9. Dance It Out
Pop in some headphones, or turn up the volume high on your home speakers and just dance off any extra frustration, energy… whatever you're feeling. Some studies have found that dance can reduce stress and increase the levels of serotonin (the hormone that can make you feel good).
If you're back home for the holidays, it's the perfect time to see old friends. Now, sometimes this might cause some social anxiety (especially if you're in the habit of comparing yourself to others), but certain friends can also provide a level of comfort. With COVID-19 guidelines in place, it may be hard to see people in person, so why not catch up over Zoom or on the phone?
11. Work Out
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Release that pent-up stress with a good sweat session. Some of the benefits of a workout include an increase in endorphins and improved mood. And don't feel like you need to do an intense HIIT workout; you can also opt for restorative yoga or a shorter run—whatever keeps you moving should work.
Journaling can help you recognize and validate your thoughts and feelings and take control of them. You might have a million things going through your mind, and just the act of writing them down can help you prioritize and organize them.
13. Do a Good Deed
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Giving back can make you feel so much better and give you some purpose. Focusing on others can help you gain a new perspective, and of course, you're providing some much-needed aid to someone and that makes all the difference. Donate food, clothes, or holiday gifts; volunteer your time (if possible with restrictions in mind); or help a family member or friend in need.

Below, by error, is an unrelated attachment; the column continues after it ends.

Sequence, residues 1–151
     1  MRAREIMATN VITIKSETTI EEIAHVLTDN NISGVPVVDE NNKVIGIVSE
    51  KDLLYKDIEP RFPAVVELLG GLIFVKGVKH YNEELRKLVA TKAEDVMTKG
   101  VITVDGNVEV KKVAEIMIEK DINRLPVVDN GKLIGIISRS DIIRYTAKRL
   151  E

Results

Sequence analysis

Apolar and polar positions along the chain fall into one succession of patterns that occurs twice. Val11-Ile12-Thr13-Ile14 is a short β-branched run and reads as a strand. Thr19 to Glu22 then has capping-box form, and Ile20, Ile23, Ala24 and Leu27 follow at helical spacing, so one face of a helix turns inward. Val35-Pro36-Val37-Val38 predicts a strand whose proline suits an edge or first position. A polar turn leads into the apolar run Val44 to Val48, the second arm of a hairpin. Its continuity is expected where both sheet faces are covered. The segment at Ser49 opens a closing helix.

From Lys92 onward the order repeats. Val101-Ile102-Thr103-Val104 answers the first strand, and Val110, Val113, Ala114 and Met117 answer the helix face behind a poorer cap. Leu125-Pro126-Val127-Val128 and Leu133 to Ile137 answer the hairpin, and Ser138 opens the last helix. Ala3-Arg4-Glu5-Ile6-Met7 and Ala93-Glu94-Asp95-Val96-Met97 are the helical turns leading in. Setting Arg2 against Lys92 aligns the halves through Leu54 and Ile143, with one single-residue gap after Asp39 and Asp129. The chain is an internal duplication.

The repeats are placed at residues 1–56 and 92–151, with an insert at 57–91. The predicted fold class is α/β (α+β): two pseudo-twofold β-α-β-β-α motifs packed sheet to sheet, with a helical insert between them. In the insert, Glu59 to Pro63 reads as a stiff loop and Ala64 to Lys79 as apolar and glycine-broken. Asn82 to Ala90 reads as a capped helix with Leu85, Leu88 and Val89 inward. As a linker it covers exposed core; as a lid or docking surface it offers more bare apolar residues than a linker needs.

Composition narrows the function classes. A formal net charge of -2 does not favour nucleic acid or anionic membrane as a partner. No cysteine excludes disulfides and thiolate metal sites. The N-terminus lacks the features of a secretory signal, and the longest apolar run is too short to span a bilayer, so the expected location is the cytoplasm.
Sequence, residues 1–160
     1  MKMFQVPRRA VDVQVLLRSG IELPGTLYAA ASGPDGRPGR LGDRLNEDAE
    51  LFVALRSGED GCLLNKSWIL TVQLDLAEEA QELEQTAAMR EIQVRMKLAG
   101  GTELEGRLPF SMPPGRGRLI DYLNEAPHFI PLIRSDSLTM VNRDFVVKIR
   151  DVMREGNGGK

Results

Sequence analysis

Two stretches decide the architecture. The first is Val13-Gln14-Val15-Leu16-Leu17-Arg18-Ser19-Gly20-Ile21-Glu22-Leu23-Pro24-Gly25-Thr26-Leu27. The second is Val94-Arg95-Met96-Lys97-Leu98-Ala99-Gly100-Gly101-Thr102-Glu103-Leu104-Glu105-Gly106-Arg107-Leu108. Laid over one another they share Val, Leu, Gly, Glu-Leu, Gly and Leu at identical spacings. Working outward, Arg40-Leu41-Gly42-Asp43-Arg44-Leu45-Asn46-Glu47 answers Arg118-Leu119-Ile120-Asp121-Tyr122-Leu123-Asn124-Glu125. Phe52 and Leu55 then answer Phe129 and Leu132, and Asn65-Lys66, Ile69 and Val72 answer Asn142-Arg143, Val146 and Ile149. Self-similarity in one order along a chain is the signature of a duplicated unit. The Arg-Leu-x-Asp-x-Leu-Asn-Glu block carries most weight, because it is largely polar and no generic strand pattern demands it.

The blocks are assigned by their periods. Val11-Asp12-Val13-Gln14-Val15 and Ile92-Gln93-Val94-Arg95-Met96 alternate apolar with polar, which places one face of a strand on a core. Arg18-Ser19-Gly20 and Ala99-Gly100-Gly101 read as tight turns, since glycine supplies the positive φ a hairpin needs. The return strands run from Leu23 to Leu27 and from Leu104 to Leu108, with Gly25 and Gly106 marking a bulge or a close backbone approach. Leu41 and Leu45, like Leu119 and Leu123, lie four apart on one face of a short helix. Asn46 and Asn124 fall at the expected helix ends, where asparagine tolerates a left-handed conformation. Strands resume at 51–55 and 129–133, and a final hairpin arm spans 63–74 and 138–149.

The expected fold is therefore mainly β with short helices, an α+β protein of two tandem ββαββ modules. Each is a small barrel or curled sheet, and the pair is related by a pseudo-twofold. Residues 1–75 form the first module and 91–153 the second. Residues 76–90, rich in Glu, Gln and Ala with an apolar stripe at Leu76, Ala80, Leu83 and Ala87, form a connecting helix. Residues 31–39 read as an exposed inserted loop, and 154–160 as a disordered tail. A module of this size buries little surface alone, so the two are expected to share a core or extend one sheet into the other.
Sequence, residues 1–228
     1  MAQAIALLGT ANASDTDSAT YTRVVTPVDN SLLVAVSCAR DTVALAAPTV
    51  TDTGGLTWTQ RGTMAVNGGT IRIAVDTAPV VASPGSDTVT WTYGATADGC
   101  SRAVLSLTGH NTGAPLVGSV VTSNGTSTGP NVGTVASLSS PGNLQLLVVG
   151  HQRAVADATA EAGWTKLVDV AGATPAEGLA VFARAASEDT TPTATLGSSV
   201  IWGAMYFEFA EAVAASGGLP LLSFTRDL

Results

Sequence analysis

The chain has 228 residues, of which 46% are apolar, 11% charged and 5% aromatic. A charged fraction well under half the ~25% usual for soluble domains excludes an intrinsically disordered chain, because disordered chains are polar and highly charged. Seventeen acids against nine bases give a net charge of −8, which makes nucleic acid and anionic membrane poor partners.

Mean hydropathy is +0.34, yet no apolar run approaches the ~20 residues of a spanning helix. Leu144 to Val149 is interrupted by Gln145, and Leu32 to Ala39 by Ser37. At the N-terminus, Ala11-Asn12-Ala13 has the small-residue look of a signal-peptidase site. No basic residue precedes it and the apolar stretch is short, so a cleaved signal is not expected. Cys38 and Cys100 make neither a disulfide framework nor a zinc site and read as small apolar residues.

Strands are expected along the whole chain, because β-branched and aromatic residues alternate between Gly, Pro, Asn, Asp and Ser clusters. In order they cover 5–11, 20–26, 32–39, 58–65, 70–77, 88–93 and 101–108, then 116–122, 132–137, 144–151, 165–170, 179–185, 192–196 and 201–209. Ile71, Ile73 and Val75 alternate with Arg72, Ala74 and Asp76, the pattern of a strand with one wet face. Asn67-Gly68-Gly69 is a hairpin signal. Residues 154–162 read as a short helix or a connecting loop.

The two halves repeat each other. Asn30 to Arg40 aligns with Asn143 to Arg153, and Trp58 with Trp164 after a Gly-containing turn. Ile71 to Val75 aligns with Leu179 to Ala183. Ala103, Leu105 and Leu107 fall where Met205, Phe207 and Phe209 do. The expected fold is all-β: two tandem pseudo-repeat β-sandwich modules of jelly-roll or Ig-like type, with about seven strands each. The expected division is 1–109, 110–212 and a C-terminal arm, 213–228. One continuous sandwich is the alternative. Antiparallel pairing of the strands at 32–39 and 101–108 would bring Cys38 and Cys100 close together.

14. Cancel Plans
While you can't exactly cancel everything you don't feel like going to, you should feel empowered to say no to things, especially if you feel like you're stretching yourself too thin. Think about your obligations and what's being asked of you, prioritize the important ones, and (politely) excuse yourself from the others.
We've written about the benefits of essential oils before, so we don't have to go into too much detail about why they can be therapeutic, but they really can provide some relaxation, comfort, and stress-relief when you need it the most. Pour a couple of drops into a diffuser and take it easy for a few minutes while you let the aromatherapy do its work.
16. Do a Fun Activity
Don't forget to enjoy what the season has to offer. That might look a bit different right now with social distancing guidelines, but get creative. Bake some cookies, listen to some holiday music, or take a drive around your neighborhood to look at the lights and decorations.
17. Watch a Favorite Show or Movie
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Put on your favorite TV show, or holiday movie to make yourself feel a little better. Nostalgia can be a comforting thing.
This article was originally published at an earlier date and has since been updated.
This article is provided for informational purposes only and is not intended to be used in the place of advice of your physician or other medical professionals. You should always consult with your doctor or healthcare provider first with any health-related questions. See our full health disclaimer here.